Zimbabwe’s hunger situation getting desperate


Many villagers across the country have planted two to four times, but all their efforts have come to naught.

THE United Nations in Zimbabwe resident representative, Bishow Parajuli, came face to face with some the desperate situations confronting the country’s rural communities during his tour of Matabeleland North province.


During Parajuli’s two-day tour of Matabeleland North, meant to appraise humanitarian and development projects and to raise awareness on the seriousness of the El Niño induced drought in the province, the UN local boss observed firsthand the desperation in some of the communities.

The UN Resident Coordinator and United Nations Development Programme resident representative, Parajuli, was accompanied, during the Matabeleland North visit, by officials from the Office of the President and Cabinet; UN agencies mainly the WFP and FAO; and Diplomatic corps.

“In Binga, the delegation observed that the situation is dire and the gravity of the drought severely affected farming and fishing communities. The farming communities have lost their harvest to drought and had no chance of replanting. The situation in Binga district calls for an increased and continued humanitarian assistance, including food, nutrition, school meal, animal feed and water.

Many villagers across the country have planted two to four times, but all their efforts have come to naught.

The visit took the UN delegation to the province’s hardest hit districts of Bubi, Lupane and Binga where the UN, together with its development partners, are assisting communities cope with the drought situation through several projects.

While in Lupane, the delegation visited rehabilitation efforts funded by the European Union and technical support from FAO and LEAD. The delegation visited a borehole in Mkhosi, where the community has access to clean water and about 2,000 cattle are serviced. Prior to rehabilitation the community had been travelling 12km to fetch drinking water, while they had been filling a 20 000-litre dip tank with water from the nearby Shangani River.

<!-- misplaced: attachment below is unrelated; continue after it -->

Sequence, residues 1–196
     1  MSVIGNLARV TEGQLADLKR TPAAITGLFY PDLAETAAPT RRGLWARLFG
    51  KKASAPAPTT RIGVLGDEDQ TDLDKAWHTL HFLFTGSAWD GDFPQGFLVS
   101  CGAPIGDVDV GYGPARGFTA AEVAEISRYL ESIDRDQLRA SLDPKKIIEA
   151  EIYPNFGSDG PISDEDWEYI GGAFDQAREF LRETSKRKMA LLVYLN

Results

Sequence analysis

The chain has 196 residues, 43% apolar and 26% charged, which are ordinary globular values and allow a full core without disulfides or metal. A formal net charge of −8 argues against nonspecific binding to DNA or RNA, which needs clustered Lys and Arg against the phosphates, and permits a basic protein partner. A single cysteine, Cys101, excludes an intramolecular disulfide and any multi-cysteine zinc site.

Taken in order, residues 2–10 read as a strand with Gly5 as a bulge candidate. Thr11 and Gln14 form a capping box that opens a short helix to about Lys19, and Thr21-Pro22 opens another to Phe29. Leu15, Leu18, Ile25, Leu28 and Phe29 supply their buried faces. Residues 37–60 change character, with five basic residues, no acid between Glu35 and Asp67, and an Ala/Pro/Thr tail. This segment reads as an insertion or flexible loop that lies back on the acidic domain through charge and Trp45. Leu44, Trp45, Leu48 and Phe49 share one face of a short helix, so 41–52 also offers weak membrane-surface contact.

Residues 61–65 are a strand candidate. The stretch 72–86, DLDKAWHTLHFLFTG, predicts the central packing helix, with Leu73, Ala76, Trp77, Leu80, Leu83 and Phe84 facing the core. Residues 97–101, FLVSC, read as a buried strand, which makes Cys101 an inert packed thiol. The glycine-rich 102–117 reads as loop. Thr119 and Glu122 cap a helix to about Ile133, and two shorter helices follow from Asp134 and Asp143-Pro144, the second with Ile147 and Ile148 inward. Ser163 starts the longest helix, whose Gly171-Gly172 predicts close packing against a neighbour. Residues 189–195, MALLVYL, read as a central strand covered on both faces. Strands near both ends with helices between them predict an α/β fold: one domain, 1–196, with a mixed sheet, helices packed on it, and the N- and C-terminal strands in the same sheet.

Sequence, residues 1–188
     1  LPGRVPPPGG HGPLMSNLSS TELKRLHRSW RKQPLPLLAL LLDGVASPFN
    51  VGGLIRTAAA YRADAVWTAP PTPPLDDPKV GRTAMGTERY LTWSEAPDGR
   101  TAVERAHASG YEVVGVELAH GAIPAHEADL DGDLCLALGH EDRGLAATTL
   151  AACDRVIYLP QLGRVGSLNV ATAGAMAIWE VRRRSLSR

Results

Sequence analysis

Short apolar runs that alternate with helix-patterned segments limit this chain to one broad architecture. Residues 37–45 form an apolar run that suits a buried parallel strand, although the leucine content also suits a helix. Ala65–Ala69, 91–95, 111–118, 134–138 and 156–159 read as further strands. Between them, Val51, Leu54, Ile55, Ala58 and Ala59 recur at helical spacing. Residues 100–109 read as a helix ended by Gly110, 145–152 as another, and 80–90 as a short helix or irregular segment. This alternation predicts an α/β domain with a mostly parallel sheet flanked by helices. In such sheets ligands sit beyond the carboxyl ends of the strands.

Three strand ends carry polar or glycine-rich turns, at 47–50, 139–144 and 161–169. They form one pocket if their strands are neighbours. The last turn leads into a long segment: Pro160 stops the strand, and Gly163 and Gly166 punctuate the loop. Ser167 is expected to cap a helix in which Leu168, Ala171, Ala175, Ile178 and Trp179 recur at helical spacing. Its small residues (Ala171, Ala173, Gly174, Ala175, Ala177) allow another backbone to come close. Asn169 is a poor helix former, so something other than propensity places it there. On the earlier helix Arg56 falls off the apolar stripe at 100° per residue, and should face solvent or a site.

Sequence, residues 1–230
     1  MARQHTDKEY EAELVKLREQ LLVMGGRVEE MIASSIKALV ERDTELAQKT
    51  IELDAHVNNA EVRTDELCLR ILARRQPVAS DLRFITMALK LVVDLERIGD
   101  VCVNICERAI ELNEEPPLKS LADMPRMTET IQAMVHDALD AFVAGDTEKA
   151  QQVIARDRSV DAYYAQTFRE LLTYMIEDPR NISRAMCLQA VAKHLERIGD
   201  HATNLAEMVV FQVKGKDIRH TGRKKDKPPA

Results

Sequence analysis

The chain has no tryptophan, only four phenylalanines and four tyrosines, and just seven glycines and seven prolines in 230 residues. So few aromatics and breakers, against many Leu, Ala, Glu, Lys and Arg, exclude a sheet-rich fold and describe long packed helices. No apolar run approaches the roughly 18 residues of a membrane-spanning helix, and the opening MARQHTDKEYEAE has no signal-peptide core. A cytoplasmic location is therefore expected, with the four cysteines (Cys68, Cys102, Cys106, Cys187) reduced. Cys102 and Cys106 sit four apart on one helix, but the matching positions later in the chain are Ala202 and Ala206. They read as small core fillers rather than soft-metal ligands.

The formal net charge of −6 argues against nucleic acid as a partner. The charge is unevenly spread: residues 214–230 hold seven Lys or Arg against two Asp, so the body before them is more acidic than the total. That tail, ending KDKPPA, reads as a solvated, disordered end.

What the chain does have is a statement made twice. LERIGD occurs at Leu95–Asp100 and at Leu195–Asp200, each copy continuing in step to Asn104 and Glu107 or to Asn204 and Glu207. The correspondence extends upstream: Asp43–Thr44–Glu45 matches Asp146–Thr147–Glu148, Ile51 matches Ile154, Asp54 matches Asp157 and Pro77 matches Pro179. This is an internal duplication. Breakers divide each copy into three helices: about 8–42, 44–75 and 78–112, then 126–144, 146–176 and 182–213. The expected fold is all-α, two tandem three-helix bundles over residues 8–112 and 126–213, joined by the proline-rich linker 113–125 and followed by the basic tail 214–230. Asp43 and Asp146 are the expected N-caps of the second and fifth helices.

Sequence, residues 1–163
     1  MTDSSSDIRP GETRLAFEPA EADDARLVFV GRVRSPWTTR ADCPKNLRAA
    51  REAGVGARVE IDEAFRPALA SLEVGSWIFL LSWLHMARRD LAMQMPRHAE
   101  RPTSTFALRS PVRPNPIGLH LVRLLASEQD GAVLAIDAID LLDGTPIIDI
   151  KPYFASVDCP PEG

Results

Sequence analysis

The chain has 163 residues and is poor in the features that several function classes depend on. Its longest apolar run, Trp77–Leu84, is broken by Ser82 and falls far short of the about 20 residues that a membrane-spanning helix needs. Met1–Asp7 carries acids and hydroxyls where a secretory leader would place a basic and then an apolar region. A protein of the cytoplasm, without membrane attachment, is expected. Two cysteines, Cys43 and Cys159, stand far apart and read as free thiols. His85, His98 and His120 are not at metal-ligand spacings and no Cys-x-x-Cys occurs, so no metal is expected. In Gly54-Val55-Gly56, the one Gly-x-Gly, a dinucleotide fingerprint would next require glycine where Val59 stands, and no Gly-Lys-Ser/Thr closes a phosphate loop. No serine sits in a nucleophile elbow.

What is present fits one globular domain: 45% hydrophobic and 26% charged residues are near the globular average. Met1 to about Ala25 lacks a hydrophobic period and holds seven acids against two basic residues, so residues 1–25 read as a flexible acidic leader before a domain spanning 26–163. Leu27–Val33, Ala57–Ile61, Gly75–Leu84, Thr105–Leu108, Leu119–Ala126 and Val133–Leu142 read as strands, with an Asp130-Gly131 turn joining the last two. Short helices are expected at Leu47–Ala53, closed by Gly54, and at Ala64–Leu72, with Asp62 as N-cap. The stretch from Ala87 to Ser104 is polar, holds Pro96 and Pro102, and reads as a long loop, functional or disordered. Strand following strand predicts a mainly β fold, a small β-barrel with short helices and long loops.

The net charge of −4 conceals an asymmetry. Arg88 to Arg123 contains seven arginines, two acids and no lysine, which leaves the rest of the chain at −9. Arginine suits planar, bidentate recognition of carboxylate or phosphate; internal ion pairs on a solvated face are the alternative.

The group also visited Chininga dam, in Binga, which was constructed under the WFP-funded Food-for-Assets programme. At least 300 households, amounting to approximately 1 500 beneficiaries, are benefiting from this programme, and the dam is supplying them with water for horticultural crop production and domestic use. In addition, 1 500 cattle are accessing drinking water from the same dam.

To date, the UN agencies – with support from development partners and in cooperation with non-governmental organisation – have reached more than one million affected people across the country and generated US$76 million in funding from partners, including US/USAID, UK/DFID, EU/ECHO, Canada, Switzerland and the UN Central Emergency Response Fund.

“Following the Zimbabwe government’s declaration of a State of Disaster on February 3, 2016 and the updated ZimVAC report of recent weeks, the UN and its humanitarian partners have been further refining the joint humanitarian response plan so as to address needs in the following areas: agriculture; food; health; water, sanitation and hygiene (WASH); nutrition; child protection; and education,” said Parajuli.

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